Not that I didn't have a blast taking some time out from the Midwest to enjoy the characters in New York City.  And from homeless men, to hipsters, to trust fund babies, there are some characters.  Katie and I went to a bar on Saturday night in Brooklyn, a hipster haven of sorts.  We walked around Williamsburg during the day, and it was like, "I get it.  You're all very cool with vintage clothing and asymmetrical haircuts"   Anyway, at the bar this evening, low and behold, in walks a women with bleached blonde hair, curled up and pinned in a very 50s style, with a huge fucking red flower.  She was sort of out of place in the sea of muddled brown parkas and tight jeans that make up the hipster uniform, so all eyes turned to her.    When she sat down at the bar next to Katie and I, she began animatedly chatting with the sexy Irish bartender who unfortunately, judging by the wedding ring he was sporting, is off the market.  After a while Katie and I sort of became part of the conversation, and Katie asked innocently, "Do you work here too?"  to our pinup friend.   She was HORRIFIED at the question.   Only later did I learn that Maddie was in fact a bartender slash "fetish model" which I can only assume means she is oft photographer in pasties while being whipped.   But, here's the kicker.  She was offended Katie asked, because our friend Maddie is too hip to bartend in Brooklyn, but instead her steakhouse bar is in Tribecca.   Oh, well, if Robert DeNiro is the one paying you to bring him his whiskey, I guess you're a fucking big deal.

That is exactly what I can't stand about New York.  I don't care how important you are. I don't care if you rub elbows with Harry Connick Jr. or Joan Rivers or Jesus Christ himself, if you have no conversation to offer and no personality with which to dazzle me, I'm done.  Another example of New York snobbery reared its head that same evening.  This guy and his friend (who looked like Pharrell Williams) approached Katie and I later on in the night.   While Katie and Pharrell bonded over her love of rap and his facial similarity to a rapper, I chatted with the other guy, Pete.   Turns out, he was not only a beautiful man, but he was also an investment banker on Wall Street.   La Di Da!   But see, when I got up to go to the bathroom and he's flirting with another girl right in front of my face, then trying to talk to me again, it's like, "Really, asshole?"   I guess because he's pretty and rich, and because I'm plain and poor, he thinks I'll put up with being treated like a silver medal.   Not so.   Maybe next time develop a personality.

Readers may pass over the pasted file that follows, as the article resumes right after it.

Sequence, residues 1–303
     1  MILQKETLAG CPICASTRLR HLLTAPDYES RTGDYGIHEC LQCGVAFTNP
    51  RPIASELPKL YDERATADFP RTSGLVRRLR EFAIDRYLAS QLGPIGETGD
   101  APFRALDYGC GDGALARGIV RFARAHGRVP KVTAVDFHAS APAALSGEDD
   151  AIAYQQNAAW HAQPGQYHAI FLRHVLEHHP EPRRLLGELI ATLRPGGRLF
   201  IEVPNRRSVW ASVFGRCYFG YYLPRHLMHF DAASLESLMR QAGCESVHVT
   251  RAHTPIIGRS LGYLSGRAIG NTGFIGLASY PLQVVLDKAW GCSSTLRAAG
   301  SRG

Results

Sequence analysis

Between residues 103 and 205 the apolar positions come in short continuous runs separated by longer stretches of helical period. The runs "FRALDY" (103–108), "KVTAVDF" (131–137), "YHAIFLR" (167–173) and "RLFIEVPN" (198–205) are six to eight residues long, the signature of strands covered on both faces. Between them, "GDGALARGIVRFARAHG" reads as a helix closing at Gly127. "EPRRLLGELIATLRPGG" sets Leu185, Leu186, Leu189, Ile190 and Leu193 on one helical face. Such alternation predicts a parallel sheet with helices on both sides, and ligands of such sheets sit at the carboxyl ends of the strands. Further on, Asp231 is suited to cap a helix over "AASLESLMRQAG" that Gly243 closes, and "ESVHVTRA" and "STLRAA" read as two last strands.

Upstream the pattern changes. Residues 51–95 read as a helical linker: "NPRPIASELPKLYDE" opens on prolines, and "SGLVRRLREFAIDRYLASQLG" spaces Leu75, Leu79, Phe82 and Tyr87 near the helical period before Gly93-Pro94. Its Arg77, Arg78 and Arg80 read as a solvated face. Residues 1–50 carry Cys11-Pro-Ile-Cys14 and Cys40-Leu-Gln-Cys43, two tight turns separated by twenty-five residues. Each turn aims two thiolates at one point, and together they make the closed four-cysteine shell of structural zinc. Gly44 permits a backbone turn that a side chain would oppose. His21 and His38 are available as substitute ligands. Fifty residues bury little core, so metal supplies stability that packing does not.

So ok, pretentious people exist everywhere, and not just NYC (although its definitely more fun when you have a great friend like Katie at hand who'll make fun of them with you).  And yes, if you have some cash to spend, there are broadway shows, shopping, dining, and cultural destinations in New York City which are unsurpassed anywhere else in the world.  But I don't love New York with its crowds, dirt, and pushiness, I love Ohio.   And lately I've been so busy telling Ohio it's not good enough, sexy enough, intellectual enough (I'm like an abusive boyfriend) I forgot that I do, in fact, love it here.   And I love my life.   And the grass isn't always greener when you realize it only grows in Central Park and Long Island. I love my friend Katie, I love Art and Culture, and I love people watching.  But I also love to sit on my toilet and not be sandwiched in between the wall and the bathtub so tightly I can barely lift my elbows.   So New York may not be for me.   Equally important, you can't look at someones life and assume you know what's going on, no matter how sexy their concrete bunghole is looking.   My trip to New York has made me feel like Jimmy Stewart in "It's a Wonderful Life."   I love you, Dayton, you magnificent bastard.